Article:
The large scale exercise, known as Exercise Point Blank, is a regular quarterly exercise conducted by the Royal Air Force and the United States Air Force.
The Royal Netherlands Air Force are also taking part, say the Royal Air Force here.
“The RAF Typhoons taking part are drawn from 3(Fighter), XI(Fighter), 29, and 41 Squadrons and are being supported by Voyager tankers. The RAF Voyagers will operate in formation to allow up to four fighters to simultaneously refuel. This exercise also sees all three of the United States Air Force European based fighter wings taking part for the first time. The UK based 48th Fighter Wing from RAF Lakenheath will be joined by F-16s from Aviano Air Base in Italy, and Spangdahlem Air Base in Germany.
The F-16s will be flying long range sorties supported by Air to Air Refueling from USAF KC-135 tankers based at RAF Mildenhall and so will not be landing in the UK. The Royal Netherlands Air Force are also participating in the exercise flying F-16s and F35As from their bases in the Netherlands. In total over 50 aircraft will be committed to the exercise flying missions for four days.”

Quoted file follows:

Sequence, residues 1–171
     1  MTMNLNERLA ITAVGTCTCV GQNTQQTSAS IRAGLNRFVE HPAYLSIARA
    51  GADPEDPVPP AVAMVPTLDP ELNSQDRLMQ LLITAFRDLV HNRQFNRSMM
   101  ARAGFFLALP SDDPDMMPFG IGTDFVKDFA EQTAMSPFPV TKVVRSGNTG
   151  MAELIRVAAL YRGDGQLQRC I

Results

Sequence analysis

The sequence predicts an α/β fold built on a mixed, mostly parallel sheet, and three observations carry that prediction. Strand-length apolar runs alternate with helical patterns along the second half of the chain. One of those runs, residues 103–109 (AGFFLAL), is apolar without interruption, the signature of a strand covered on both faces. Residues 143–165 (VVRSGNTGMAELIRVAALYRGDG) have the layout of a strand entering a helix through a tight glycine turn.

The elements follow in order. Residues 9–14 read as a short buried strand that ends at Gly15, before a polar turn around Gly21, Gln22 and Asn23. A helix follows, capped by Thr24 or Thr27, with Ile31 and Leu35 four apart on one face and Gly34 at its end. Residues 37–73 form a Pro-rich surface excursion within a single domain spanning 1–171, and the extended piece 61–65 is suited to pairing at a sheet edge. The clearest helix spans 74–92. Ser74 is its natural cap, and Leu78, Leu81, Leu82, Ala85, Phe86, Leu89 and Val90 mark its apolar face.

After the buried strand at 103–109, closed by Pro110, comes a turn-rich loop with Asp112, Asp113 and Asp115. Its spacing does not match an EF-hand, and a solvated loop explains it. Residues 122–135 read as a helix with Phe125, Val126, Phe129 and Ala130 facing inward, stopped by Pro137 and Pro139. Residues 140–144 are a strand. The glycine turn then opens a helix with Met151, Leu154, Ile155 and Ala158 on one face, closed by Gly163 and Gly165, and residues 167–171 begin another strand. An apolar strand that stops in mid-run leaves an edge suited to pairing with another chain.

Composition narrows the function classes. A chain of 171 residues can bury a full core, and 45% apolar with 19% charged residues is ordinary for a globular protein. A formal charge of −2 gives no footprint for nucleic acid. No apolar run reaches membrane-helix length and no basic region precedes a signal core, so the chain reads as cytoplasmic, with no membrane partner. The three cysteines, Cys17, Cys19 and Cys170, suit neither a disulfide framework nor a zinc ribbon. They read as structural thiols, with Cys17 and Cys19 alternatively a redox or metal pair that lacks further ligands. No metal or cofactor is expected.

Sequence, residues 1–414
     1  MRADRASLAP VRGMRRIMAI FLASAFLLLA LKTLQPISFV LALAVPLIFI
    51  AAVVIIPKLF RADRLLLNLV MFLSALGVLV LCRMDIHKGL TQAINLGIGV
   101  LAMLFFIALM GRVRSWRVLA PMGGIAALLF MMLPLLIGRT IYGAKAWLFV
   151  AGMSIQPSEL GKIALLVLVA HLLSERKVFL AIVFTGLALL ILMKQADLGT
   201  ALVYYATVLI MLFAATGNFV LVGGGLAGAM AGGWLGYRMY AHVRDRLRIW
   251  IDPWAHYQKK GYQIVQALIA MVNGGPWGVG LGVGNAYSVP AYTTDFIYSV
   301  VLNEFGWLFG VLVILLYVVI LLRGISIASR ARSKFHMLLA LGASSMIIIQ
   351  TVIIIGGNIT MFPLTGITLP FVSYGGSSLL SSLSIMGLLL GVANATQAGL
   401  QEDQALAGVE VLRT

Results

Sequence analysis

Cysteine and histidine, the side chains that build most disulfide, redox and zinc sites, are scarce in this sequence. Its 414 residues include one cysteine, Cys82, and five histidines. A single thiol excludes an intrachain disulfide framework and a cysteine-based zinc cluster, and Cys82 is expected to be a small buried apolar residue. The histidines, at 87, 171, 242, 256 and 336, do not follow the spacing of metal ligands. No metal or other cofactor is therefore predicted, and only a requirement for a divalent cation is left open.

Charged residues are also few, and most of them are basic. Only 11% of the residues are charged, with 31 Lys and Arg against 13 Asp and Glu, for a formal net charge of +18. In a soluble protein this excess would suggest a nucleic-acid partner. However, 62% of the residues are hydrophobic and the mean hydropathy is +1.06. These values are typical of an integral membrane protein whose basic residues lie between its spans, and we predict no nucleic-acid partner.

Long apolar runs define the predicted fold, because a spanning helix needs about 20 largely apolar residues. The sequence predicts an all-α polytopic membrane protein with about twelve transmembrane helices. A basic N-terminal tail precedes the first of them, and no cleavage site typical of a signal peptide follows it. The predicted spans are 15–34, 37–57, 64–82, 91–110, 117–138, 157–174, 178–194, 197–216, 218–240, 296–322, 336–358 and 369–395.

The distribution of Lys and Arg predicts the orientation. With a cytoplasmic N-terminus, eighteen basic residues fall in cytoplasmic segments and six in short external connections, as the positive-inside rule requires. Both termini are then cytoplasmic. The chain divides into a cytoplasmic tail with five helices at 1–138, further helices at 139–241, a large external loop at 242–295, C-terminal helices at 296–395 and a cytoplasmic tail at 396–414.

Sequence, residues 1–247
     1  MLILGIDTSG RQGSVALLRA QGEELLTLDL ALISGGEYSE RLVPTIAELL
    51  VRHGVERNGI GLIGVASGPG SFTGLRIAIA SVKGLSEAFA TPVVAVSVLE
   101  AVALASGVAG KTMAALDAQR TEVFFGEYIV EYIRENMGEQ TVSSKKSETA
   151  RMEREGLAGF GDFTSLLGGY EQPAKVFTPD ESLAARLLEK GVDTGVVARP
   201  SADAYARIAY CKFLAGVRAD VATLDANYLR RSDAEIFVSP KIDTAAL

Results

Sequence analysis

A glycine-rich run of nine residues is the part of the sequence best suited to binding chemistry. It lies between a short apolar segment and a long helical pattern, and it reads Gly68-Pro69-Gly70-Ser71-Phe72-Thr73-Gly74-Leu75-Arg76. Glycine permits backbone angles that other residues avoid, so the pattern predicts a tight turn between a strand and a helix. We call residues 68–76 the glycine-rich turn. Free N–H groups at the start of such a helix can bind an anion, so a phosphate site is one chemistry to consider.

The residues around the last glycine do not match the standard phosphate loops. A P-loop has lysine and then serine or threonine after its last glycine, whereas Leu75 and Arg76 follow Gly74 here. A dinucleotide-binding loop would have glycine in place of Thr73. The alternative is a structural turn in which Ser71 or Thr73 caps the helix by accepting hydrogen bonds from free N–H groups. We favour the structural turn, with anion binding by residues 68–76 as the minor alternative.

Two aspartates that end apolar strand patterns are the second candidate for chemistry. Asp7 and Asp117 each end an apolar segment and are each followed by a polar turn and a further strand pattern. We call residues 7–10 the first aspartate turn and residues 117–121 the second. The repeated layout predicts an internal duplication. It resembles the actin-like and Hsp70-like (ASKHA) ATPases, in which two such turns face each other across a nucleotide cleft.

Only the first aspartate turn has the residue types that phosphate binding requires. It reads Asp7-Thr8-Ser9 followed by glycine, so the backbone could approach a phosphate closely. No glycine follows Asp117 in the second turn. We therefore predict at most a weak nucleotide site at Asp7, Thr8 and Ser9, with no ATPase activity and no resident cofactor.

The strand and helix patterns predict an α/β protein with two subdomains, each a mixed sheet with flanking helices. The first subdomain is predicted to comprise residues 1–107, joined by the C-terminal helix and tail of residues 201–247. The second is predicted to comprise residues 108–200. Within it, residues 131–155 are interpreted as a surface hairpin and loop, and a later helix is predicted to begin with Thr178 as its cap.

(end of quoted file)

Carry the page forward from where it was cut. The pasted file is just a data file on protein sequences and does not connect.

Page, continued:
Squadron Leader Jim Fordham, the RAF’s exercise coordinator based at RAF Coningsby, was quoted as saying:
“Exercise Point Blank is a hugely valuable training opportunity for the RAF. It allows us to practice integrating with fighters from the UK’s closest ally and other NATO partners, going up against a range of simulated modern air and surface-air threats. The different aircraft types each have their own strengths and weaknesses, but when combined together our lethality and survivability however is greatly increased. The only way to generate this formidable allied capability is to regularly train together, developing and improving our tactics.”
The Royal Air Force say that this exercise follows on from the recent Exercise Cobra Warrior. Adding that such exercises are designed to ‘increase interoperability and the collective readiness of NATO allies to deter potential adversaries and ensure the skies within the European theatre remain sovereign’.